Fixes a transparency problem in the Violence Against Women Act
The Department of Education’s proposed Title IX regulation for sexual misconduct proceedings, released Friday, drew applause from a civil liberties group and lawyers familiar with such proceedings.
The Foundation for Individual Rights in Education, which sued the Obama administration for unlawfully imposing its nonbinding Title IX guidance, said the proposed regulation was “groundbreaking” for its departure from Obama-era provisions.
The requirement that proceedings include a live hearing “ensures that all parties can see exactly the same evidence and testimony that the fact-finder is seeing, so that he or she can rebut that evidence and testimony as fully as he or she is able,” wrote Susan Kruth, senior program manager for legal and public advocacy.
The cross-examination mandate is also more narrow than critics claim: Students don’t get to grill each other, they must be given advisors if they don’t bring their own, and they can be “questioned from a separate room” as long as the questioner and fact-finders can “simultaneously see and hear” the party testifying.
“It also implicitly recognizes that determining the credibility of witness testimony is a nuanced process that requires fact-finders to watch as well as listen,” Kruth continued.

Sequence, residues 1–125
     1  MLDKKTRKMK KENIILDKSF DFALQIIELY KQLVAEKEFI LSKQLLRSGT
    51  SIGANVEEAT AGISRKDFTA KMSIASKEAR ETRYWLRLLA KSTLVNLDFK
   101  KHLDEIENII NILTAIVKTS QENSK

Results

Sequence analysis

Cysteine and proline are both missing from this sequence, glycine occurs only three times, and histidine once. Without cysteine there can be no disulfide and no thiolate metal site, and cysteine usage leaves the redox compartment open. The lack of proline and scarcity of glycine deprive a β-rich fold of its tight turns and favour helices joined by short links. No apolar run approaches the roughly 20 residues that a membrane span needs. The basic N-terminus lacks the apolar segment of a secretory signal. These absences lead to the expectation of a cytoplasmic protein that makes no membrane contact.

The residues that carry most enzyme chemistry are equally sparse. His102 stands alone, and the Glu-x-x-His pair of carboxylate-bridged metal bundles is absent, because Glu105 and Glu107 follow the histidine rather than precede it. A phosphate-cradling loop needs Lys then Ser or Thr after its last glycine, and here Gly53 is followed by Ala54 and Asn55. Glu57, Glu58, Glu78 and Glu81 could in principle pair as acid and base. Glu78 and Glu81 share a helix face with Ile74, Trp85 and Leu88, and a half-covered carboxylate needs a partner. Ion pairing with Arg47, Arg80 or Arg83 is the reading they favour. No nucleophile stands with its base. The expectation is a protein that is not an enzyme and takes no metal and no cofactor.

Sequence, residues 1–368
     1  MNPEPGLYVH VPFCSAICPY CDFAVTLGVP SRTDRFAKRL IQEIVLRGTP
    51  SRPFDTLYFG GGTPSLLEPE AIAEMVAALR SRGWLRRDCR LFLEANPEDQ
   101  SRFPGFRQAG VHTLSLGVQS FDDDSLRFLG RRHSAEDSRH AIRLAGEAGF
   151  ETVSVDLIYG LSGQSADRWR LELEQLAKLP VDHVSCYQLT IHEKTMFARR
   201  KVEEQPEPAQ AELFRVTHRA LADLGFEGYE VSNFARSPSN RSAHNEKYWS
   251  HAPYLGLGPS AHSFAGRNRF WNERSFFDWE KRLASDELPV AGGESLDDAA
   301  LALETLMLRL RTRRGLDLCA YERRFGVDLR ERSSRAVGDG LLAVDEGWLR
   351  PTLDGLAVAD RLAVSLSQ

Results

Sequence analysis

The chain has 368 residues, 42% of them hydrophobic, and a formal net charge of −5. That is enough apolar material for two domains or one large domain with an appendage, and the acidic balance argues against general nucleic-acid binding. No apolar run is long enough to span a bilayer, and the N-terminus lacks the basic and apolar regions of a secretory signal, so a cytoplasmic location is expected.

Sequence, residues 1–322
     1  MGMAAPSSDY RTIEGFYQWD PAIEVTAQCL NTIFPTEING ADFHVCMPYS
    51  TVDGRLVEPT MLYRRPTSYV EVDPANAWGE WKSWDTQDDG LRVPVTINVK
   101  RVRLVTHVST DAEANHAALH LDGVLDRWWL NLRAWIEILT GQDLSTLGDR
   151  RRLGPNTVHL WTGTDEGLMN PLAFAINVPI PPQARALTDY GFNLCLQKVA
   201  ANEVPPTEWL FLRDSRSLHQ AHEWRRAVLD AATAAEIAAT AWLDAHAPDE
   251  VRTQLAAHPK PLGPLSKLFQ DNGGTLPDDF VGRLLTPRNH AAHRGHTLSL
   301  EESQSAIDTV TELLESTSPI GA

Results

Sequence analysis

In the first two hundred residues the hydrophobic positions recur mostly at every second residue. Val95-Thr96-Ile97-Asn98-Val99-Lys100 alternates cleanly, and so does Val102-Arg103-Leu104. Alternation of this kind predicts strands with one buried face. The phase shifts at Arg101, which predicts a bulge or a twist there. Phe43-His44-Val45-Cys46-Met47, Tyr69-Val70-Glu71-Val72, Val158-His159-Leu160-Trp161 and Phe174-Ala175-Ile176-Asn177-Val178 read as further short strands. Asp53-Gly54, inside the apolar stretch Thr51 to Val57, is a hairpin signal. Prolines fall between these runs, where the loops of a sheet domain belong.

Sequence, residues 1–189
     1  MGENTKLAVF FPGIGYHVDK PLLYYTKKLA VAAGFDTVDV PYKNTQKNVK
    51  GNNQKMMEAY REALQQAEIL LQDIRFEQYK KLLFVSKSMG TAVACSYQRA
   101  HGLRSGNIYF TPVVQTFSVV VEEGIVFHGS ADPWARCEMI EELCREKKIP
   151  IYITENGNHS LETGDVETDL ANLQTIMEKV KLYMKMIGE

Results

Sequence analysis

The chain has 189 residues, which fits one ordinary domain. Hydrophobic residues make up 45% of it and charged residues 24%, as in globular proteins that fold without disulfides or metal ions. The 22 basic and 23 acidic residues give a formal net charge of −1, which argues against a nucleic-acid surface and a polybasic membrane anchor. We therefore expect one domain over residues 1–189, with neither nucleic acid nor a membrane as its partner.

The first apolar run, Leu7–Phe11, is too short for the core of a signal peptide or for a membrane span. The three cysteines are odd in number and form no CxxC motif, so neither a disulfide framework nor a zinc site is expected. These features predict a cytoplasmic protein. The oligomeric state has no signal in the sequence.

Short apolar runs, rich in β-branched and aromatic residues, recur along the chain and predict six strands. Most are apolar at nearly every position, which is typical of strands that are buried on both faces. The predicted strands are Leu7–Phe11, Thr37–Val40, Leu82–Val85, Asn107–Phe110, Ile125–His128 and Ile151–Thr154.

It’s significant that the regulation includes the right of parties to see all evidence the college has collected. The Violence Against Women Act regulations, by contrast, only give students access to the evidence the college plans to use to support its case, Kruth said: “Of course, this would be unlikely to include any exculpatory evidence.”
The mandate that evidence standards must be the same for both students and faculty – the latter often have higher standards – also reflects the seriousness of the consequences facing many accused students.
The “preponderance” standard, known casually as “more likely than not,” is particularly unsuited “for cases in which a student could be expelled and effectively have his or her educational career derailed,” especially when colleges “typically lack other safeguards against erroneous guilty findings,” Kruth said.
FIRE is particularly pleased that sexual harassment standards would be brought back in line with Supreme Court precedent.
“Overbroad harassment codes remain the most common type of speech code FIRE sees on college campuses,” a trend accelerated by the Obama administration when it told colleges that sexual harassment was “any unwelcome conduct of a sexual nature,” including speech, Kruth said.
The new “severe, pervasive, and objectively offensive” standard – taken directly from the Supreme Court’s Davis ruling – “would require policy changes at hundreds, if not thousands, of colleges and universities across the country,” she continued, a “sea change” on First Amendment rights for students.
The new proposed Title IX regulations feature essential safeguards for free speech and due process on campus.